By 'intelligence' we mean every sort of information about the enemy and his country - the basis, in short, of our own plans and operations.
The movement of the enemy's columns into battle can be ascertained only by actual observation - the point at which he plans to cross a river by the few preparations he makes, which become apparent a short time in advance; but the direction from which he threatens our country will usually be announced in the press before a single shot is fired. The greater the scale of preparations, the smaller the chance of achieving surprise. Time and space involved are vast, the circumstances that have set the events in motion so well known and so little subject to change, that his decisions will either be apparent early enough, or can be discovered with certainty.
The difficulty of accurate recognition constitutes one of the most serious sources of friction in war, by making things appear entirely different from what one had expected.
[The cause of inaction in war] ... is the imperfection of human perception and judgment which is more pronounced in war than anywhere else. We hardly know accurately our own situation at any particular moment while the enemy's, which is concealed from us, must be deduced from very little evidence.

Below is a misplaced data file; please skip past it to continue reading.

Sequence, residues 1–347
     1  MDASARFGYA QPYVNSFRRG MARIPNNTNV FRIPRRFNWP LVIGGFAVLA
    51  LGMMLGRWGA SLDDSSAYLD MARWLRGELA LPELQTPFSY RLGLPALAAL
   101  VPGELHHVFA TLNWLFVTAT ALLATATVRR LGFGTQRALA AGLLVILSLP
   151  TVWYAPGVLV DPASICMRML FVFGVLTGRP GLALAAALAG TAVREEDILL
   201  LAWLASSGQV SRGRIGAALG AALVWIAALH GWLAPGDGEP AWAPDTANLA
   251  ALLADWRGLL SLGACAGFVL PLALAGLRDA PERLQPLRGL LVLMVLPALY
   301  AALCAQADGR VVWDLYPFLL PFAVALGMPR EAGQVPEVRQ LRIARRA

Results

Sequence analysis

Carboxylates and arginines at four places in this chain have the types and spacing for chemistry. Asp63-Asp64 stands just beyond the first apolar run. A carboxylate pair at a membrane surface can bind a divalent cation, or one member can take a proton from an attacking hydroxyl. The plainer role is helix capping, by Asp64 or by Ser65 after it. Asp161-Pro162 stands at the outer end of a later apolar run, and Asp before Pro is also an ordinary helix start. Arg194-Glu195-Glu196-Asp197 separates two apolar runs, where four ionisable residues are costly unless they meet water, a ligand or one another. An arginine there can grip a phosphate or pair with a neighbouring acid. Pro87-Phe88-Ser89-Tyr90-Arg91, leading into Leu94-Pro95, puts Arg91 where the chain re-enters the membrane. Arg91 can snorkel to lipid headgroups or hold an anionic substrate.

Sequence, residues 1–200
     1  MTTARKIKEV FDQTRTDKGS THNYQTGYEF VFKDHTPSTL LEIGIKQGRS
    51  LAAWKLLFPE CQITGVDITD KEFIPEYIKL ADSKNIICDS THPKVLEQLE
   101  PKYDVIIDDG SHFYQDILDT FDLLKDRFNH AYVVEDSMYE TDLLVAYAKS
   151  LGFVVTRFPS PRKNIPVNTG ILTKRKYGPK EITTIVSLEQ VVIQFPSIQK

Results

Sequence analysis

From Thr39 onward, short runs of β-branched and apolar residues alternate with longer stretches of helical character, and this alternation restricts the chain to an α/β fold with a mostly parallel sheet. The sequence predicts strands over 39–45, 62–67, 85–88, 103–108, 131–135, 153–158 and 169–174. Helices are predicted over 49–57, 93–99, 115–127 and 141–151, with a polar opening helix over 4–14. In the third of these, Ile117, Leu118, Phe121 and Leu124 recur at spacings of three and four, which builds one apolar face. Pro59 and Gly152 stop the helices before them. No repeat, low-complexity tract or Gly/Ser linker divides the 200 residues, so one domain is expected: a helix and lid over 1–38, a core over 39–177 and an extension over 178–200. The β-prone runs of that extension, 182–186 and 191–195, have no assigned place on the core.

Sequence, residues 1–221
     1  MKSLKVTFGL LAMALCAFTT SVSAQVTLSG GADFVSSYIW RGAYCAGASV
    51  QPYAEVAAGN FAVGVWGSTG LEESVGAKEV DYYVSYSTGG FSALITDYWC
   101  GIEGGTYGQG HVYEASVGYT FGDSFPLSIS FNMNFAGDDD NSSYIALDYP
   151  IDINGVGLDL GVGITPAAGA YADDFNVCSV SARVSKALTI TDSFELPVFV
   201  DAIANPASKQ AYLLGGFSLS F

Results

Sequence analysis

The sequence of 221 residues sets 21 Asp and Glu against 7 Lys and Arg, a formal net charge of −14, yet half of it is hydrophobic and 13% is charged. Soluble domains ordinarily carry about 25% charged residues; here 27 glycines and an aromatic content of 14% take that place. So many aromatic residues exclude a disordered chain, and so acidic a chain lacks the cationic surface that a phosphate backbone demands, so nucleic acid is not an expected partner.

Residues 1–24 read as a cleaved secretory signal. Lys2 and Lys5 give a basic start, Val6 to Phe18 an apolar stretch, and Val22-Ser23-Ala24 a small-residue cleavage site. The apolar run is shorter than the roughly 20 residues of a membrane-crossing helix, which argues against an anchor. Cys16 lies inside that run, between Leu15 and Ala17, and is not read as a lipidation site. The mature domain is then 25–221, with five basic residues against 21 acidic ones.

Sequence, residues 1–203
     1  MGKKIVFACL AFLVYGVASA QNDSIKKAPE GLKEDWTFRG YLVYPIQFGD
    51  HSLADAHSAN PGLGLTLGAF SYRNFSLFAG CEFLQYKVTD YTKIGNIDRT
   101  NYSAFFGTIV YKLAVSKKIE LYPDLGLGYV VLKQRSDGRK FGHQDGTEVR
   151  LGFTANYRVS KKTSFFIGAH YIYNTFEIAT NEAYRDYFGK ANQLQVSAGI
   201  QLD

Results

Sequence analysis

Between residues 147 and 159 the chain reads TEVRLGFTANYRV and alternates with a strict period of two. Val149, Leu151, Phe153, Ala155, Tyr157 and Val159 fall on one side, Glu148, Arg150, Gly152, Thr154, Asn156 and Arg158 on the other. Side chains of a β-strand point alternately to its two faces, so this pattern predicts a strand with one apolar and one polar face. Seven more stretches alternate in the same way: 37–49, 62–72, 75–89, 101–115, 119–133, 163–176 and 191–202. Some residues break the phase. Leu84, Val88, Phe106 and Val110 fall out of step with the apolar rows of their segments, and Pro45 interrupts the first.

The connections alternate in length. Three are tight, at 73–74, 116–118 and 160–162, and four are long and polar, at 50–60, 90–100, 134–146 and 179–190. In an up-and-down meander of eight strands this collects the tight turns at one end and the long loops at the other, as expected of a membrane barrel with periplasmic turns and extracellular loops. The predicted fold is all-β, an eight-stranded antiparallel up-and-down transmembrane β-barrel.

To discover how much of our resources must be mobilized for war, we must first examine our political aim and that of the enemy. We must gauge the strength and situation of the opposite state. We must gauge the character and abilities of its government and people and do the same in regard to our own. Finally, we must evaluate the political sympathies of other states and the effect the war may have on them.
No other human activity is so continuously or universally bound up with chance. And through the element of chance, guesswork and luck come to play a great part in war.
The very nature of interactions is bound to make it unpredictable.
In war more than anywhere else, things do not turn out as we expect.